Domestic abuse in Oklahoma can be either a misdemeanor or felony charge.
Understanding your rights and what to expect when facing such charges is important.
This blog will walk you through the various circumstances that can make a domestic abuse case become felony charges and guide you through how long the district attorney has to file charges against you.
What makes domestic abuse a felony in Oklahoma?
Generally speaking, your first domestic abuse case will be charged as a misdemeanor.
With a misdemeanor, you’ll only face up to a year in jail and a possible fine of up to $5,000. For subsequent domestic abuse cases, you’ll face felony charges.
If your domestic abuse arrest shows a pattern of prior abuse, however, you could face felony charges. The District Attorney will work to prove a pattern of abuse through sworn witness accounts or proof of a prior history of police calls out to your home for domestic abuse.
Additionally, you could face felony charges for domestic abuse if you used a dangerous weapon in the course of threatening or harming the other individual. In this case, you could face up to 10 years in prison.
If you shoot a domestic relation, you could serve a life term in prison.
Strangulation is another way your domestic abuse charges could be elevated to a felony. No matter the circumstances, if you used strangulation or threatened strangulation, you could face up to three years in prison and a fine of up to $3,000. Other future strangulation domestic abuse situations could leave you facing up to 10 years in prison and fines up to $20,000.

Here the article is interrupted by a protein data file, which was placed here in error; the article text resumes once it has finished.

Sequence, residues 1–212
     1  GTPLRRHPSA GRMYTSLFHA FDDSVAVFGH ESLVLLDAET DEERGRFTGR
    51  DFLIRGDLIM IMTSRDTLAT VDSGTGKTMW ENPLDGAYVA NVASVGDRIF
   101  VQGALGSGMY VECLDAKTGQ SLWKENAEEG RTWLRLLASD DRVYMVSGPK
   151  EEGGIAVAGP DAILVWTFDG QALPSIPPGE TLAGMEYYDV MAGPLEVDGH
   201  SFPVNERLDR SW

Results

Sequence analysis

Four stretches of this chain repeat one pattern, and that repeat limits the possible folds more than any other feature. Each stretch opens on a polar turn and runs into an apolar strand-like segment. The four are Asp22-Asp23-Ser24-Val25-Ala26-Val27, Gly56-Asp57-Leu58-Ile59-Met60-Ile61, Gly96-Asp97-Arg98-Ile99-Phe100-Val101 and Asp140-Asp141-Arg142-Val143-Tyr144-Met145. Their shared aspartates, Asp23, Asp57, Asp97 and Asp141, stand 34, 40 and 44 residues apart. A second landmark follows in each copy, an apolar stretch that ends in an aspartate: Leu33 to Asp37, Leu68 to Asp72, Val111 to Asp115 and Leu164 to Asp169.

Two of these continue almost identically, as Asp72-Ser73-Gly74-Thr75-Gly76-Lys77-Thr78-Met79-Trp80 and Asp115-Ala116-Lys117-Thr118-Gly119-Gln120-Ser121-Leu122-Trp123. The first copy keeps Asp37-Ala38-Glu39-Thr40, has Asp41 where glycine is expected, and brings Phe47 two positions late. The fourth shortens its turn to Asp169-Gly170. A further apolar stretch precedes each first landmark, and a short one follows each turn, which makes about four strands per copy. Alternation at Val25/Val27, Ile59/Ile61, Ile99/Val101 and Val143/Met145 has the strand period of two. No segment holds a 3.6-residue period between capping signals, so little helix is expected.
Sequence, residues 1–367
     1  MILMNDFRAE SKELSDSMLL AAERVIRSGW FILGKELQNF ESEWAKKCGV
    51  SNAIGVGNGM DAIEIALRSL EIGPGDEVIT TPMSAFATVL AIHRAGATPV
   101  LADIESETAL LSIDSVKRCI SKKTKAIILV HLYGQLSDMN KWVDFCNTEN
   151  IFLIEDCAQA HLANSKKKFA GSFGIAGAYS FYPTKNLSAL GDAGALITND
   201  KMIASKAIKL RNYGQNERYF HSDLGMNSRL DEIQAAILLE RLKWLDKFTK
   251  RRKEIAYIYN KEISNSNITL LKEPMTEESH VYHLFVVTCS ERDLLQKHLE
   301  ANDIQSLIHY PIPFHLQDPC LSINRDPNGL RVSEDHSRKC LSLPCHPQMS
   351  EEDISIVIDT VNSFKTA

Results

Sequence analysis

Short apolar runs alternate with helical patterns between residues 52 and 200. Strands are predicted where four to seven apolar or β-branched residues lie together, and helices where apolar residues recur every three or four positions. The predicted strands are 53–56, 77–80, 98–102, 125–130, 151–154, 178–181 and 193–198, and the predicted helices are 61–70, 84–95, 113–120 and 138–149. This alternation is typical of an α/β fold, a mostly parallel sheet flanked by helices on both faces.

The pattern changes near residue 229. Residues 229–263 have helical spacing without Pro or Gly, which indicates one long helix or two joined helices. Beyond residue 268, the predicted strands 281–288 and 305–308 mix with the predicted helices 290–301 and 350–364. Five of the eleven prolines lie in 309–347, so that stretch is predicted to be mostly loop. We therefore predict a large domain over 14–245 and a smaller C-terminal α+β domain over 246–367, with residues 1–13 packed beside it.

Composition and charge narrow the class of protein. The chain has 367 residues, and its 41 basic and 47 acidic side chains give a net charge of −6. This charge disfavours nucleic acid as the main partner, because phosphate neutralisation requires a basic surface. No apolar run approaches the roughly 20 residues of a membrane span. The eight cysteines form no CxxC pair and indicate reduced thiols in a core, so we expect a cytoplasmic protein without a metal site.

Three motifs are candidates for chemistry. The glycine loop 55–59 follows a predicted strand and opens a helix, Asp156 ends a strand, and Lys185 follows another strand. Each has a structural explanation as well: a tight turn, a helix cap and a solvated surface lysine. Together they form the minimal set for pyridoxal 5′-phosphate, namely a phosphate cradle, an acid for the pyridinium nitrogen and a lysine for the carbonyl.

How long does the District Attorney have to file felony charges?
After you’ve been arrested for domestic abuse, the District Attorney has 60 days to file felony charges against you.
However, if you’ve been arrested on suspicion of first or second-degree murder charges, aggravated kidnapping or aggravated rape, the District Attorney has 120 from the date of your arrest to file charges.
In situations where the suspect has been bonded from jail, the District Attorney then has 150 days from the date of that individual’s arrest to file charges.
If the District Attorney fails to file charges within the allotted time frame based on the specific circumstances surrounding your arrest, you might have a right to be released from jail or your bail obligations.
It’s important to note that being released from jail does not mean you won’t face felony charges for the offense. It just means law enforcement cannot continue to keep you in jail without further proof of your offenses.
What’s a suspended or deferred sentence?
In domestic assault and battery cases, the courts can grant a deferred or suspended sentence.
This would allow the court to delay proceedings without entering a final decision to either convict you or dismiss your case. Generally, a suspended or deferred sentence includes specific conditions that the defendant must comply with.
In these cases, you can serve your sentence at least part of the time on probation so long as you follow the rules for your probation. This allows you to minimize your time in jail. Suspended or deferred sentencing can be helpful when your case has a challenging or unlikely defense.
Here’s what typically happens with a suspended or deferred sentence:
- If there isn’t a protective order in place, the court will issue one to protect the victim.
- Another condition of the suspended or deferred sentence is attending remedial activities. This might include anger management or substance abuse classes.
- You also might be required to attend therapy or complete community service for your remedial activities.
Contact Jacqui Ford Law for help with your domestic abuse defense today
Jacqui Ford Law offers a free consultation to learn more about your criminal defense needs. We’ll walk you through our process and guide you in the next steps for your case. Contact us today.